Use a small spoon
Aleksey Boyko, who owns the European Delicatessen in Creve Coeur, moved to St. Louis from Kharkov, Ukraine. Who eats caviar in that part of the world? “Everybody,” he said. “If you can afford it.”
Regardless of where you live, caviar costs a lot. This explains why both caviar spoons and the tins and jars in which the product’s packaged are small.
Most caviar is processed with a single ingredient: salt. Yet doing this is harder than it might seem. “Oh, sure,” said Kathryn Rost, co-owner of Show-Me Caviar in Morrison, when asked if it’s difficult to add the right amount of salt. “I couldn’t go and hire somebody and expect them to make the caviar like I do,” she said.
The limited production of Show-Me raises the price of its caviar (which is still considerably lower than that of imports). The length of time it takes for its paddlefish and hackleback to mature, seven to 10 years, is another factor.
Another thing that contributes to caviar’s high price tag in general is that the roe must be removed from fish expeditiously – within 15 minutes in some operations. Then the individual eggs are released from the ovarian membrane using a filter. Their fragility demands delicate handling at all times; otherwise, the eggs will be reduced to a rotten-tasting mash. As a product that spoils quickly, caviar must be kept cold whether it’s in transport or on a table, and any chef who orders it must be confident it’ll be consumed before it expires.
Caviar should have some resistance – a pop or light crunch – when eaten; if it doesn’t, it may not be fresh.
Caspian Sea varieties, traditionally the most prized, cost a lot for additional reasons. One, the Caspian is an often storm-fraught sea whose northern parts freeze over in the winter. (Not very fisher-friendly, in other words.) Export expenses play a role too. Then there are the interlocked issues of scarcity and endangerment.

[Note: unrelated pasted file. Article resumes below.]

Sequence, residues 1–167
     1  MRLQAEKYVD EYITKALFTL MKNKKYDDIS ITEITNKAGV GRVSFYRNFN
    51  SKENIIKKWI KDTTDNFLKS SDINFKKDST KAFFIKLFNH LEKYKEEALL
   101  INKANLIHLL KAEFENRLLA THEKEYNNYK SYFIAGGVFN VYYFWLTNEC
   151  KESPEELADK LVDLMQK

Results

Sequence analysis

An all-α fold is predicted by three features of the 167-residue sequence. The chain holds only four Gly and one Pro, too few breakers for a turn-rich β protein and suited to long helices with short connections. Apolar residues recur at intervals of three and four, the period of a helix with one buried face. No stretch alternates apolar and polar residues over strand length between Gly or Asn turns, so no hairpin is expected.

Until about 10 years ago, the Caspian Sea and its tributaries teemed with a variety of sturgeon species. The most notable of these is the beluga, which yields the eponymous, highly prized caviar. By one estimate, the numbers of this large, 200-million-year-old fish have plunged by 90 percent since the early ’80s. Other species are likewise threatened and have likewise been closely monitored for the past decade by the Convention on International Trade in Endangered Species of Wild Fauna and Flora.
The roster of causes for Caspian sturgeons’ decline reads all too familiar: pollution, habitat loss, poaching and overfishing.
Russia isn’t the first country to face such problems. At the turn of the 20th century, the Hudson River bore so many sturgeon, or “Albany beef” as it was then called, that caviar was literally given away at blue-collar bars. (Salty caviar encouraged patrons’ thirst.) Over time, the fish population plummeted, the Hudson became polluted and Russia succeeded America as the world’s top caviar producer.